By Valaura Vedan
Quidam is the third Cirque du Soleil show to descend upon Kelowna, and if the audience reaction this past Thursday evening was any indication, the Kelowna shows have been a success. The audience on Thursday night laughed, cheered, and gasped in awe as Cirque du Soleil took us on a journey with a young girl named Zoe. Zoe is a young girl who feels neglected and ignored by her parents and slips into an imaginary world of wonder and awe. While in this fantasy land, Zoe meets a host of characters who help her discover her own sense of individuality.
Quidam is a show designed for all ages and it appears that the crowd got the message, with young children mingling with those in their 80's. There really was something for everyone, and the young child who was seated behind me could be heard laughing several times throughout the evening as the clown lured audience members on stage to participate in his sketches. While some hesitated at first, half a stadium of people cheered at the clown's command until they agreed to temporarily join the cast. Kudos to those five people for their complete participation and putting on quite the performances themselves. There must be some kind of magic at the Cirque du Soleil shows, as I've heard that the audience participants at other shows were also good sports and quite enthusiastic.
It's this kind of audience involvement that hearkens back to Cirque du Soleil's beginnings as a group of 20 street performers. Street performers are known to maintain consistent levels of comedy and audience participation during their execution of wild tricks and talents, and this theme runs through into Quidam. Quidam is one part comedy, one part theatre, and one part jaw-dropping stunts and tricks. As my friend stated, “It's basically [like] watching Olympians on the stage”, and I have to say that isn't far off. The skill and athleticism that these artists/athletes maintain is inspiring, as is their dedication and the level of training that they commit to.
One of my favourite acts from the night was what Cirque du Soleil has named, Statue. Statue is comprised of a couple, male and female, whose physical shape alone emitted gasps from the crowd. The couple maintains contact throughout their performance, as they shift their bodies into obscure forms that one would think impossible. It is only their incredible strength, flexibility, and sense of balance that make their positions possible. While one could not possibly ignore the physicality of their performance, it is important to note that it was just that. Performance. Statue really was a snippet of theatre in the midst of the Quidam show.
Earlier in the show, a woman performed a beautiful aerial contortion performance, using reams of red silk. She moved with grace and strength as her pale form contrasted perfectly with the crimson of her silks. Set to haunting music, this was yet another of those moments that Cirque du Soleil does so well. They always blend athleticism with theatre in the most seamless way.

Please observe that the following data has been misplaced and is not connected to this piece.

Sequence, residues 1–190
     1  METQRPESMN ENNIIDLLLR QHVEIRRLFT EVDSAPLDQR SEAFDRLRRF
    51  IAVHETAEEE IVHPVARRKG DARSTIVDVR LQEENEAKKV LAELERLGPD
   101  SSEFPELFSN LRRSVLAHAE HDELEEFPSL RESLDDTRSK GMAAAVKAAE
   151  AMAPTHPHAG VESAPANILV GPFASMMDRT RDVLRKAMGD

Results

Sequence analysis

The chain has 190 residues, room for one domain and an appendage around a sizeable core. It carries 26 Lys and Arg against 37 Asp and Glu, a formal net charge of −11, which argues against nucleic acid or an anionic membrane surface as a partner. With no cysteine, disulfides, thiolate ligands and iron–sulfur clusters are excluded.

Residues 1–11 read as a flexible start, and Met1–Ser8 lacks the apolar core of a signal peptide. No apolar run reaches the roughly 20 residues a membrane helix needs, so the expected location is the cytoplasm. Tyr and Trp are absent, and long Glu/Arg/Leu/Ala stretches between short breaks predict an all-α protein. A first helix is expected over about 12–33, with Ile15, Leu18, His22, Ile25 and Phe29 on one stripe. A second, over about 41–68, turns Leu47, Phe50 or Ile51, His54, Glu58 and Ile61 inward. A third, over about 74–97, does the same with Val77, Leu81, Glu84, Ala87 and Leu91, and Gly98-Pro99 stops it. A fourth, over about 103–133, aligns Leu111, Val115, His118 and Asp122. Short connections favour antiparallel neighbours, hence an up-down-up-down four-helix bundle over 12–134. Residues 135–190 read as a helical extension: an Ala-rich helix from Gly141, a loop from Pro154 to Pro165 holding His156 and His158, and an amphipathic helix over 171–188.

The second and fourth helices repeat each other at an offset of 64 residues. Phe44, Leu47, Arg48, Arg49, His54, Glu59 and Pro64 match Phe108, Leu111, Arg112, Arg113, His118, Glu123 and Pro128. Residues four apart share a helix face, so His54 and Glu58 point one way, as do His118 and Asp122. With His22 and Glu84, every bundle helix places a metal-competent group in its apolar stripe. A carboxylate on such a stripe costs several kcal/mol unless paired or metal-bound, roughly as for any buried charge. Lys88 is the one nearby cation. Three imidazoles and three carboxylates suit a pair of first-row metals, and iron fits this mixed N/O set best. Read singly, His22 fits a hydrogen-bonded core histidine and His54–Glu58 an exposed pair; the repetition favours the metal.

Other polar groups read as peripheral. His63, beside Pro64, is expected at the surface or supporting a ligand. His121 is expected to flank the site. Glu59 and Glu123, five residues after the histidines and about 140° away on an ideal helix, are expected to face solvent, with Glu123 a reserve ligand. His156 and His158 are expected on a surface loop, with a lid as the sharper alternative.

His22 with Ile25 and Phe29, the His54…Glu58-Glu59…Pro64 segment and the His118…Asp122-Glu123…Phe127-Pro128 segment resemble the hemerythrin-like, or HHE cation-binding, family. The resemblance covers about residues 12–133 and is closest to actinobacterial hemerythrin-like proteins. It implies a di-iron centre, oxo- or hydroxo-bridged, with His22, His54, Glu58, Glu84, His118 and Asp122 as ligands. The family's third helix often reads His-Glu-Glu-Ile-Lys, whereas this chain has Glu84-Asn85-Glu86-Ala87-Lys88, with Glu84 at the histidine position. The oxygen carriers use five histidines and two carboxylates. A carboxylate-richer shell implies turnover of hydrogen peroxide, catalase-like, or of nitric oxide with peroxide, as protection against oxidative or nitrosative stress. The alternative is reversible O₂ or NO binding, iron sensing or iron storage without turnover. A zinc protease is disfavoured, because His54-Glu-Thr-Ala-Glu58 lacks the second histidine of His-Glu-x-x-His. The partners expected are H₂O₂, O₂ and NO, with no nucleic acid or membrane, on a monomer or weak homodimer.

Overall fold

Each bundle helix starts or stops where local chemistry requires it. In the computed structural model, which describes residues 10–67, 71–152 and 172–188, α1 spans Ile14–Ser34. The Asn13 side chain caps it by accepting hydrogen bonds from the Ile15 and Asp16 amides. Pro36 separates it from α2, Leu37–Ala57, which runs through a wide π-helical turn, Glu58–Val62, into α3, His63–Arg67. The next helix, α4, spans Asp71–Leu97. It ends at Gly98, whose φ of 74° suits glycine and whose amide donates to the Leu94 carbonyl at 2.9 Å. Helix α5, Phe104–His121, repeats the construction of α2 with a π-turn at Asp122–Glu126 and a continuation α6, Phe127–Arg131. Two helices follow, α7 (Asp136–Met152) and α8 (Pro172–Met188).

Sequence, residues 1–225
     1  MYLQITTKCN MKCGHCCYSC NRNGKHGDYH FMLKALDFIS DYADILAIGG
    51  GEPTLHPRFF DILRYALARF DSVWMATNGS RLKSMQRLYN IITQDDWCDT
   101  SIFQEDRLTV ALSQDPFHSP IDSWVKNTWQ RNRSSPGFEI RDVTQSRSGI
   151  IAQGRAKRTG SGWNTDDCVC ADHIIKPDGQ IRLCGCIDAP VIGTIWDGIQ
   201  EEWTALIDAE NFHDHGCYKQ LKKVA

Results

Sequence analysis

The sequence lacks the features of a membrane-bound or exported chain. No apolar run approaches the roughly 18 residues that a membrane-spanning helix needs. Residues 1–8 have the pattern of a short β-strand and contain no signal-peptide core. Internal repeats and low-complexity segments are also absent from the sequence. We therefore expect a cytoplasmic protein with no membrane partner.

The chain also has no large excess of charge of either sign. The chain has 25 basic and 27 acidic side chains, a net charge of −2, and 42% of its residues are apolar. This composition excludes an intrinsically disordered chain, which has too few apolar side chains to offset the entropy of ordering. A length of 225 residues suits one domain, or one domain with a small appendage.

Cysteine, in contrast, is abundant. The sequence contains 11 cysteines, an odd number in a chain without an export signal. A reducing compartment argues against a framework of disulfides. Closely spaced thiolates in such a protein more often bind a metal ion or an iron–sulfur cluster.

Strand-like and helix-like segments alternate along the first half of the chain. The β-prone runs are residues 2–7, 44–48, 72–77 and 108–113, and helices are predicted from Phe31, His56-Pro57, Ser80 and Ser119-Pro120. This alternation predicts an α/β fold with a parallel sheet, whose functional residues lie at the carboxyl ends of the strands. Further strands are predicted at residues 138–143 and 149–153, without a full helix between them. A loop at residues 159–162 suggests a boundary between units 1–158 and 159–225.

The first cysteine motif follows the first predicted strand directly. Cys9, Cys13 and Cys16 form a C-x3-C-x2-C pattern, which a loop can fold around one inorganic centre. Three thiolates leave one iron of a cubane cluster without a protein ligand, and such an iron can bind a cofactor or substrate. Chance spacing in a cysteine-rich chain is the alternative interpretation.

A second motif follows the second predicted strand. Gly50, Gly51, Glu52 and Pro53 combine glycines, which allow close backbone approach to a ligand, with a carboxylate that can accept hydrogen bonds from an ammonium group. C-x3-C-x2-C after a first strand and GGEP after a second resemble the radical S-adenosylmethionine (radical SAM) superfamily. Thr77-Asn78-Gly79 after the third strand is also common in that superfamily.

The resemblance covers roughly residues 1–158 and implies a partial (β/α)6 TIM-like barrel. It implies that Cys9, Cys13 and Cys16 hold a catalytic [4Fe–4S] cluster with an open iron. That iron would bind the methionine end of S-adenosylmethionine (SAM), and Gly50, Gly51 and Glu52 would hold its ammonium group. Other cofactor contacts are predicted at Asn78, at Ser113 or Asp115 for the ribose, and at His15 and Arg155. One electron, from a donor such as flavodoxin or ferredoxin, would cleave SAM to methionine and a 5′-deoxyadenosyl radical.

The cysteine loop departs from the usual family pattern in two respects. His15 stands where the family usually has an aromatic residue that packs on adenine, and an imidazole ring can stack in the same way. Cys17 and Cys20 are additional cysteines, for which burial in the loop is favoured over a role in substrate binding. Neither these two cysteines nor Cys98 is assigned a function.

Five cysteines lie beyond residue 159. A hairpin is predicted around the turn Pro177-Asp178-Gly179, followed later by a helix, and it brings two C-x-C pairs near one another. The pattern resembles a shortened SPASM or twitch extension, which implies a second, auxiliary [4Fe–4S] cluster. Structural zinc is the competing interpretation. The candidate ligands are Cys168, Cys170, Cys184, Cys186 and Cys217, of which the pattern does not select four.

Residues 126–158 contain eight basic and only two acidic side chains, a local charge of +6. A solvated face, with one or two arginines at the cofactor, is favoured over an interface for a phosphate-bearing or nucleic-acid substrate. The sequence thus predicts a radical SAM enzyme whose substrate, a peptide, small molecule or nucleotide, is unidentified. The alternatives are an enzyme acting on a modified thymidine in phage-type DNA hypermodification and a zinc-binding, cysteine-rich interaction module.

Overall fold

But as my previous conversation with skipper, Adrienn Banhegyi, revealed, the shows do not always go off without a hitch. The Banquine act is composed of fifteen agile and acrobatic performers. During one of their final displays of breathtaking acrobatics, things didn't go off quite as planned. A launch was ever so slightly off, and the performers were forced to break formation. They quickly regrouped, before the audience really had the opportunity to realize that something was amiss. They tried it again, without the second (successful) attempt ever looking out of place and a petite woman was then stood a top a man's shoulders in what is likely a dangerous and highly skilled position (I won't reveal too much...). Kevin Jesuino later said, “I love their “Fail. Do it 'til you get it” attitude. Day in, day out.” and Vincent Jones commented, “[That's] a great lesson for everyone watching”.
It is clear that the people who are a part of Cirque du Soleil are passionate about what they do. In fact, if you have the opportunity to see Quidam, I suggest you take it, and while the music is loud and raucous, take a look at the sound booth facing the stage. The gentleman who is behind the sound board is so passionate about the music that he is a part of, it's infectious. If a great classical composer merged with a rock star, you would have this gentleman. Keep an eye out for him, for an expected treat and a reminder of the 52 people who are a part of Quidam behind the scenes. They love what they do too.
Quidam was the first live Cirque du Soleil show that I have had the pleasure of seeing, and I can not say enough good things about it. From start to finish, the show was breathtaking and constantly engaging. The show is also designed as a series of shorter vignettes which makes it ideal for children as their attention is held captive the entire time. Quidam is an experience like no other, and I only hope that all of you should be so lucky as to take in something of it's splendour within your lives. Add it to the bucket list.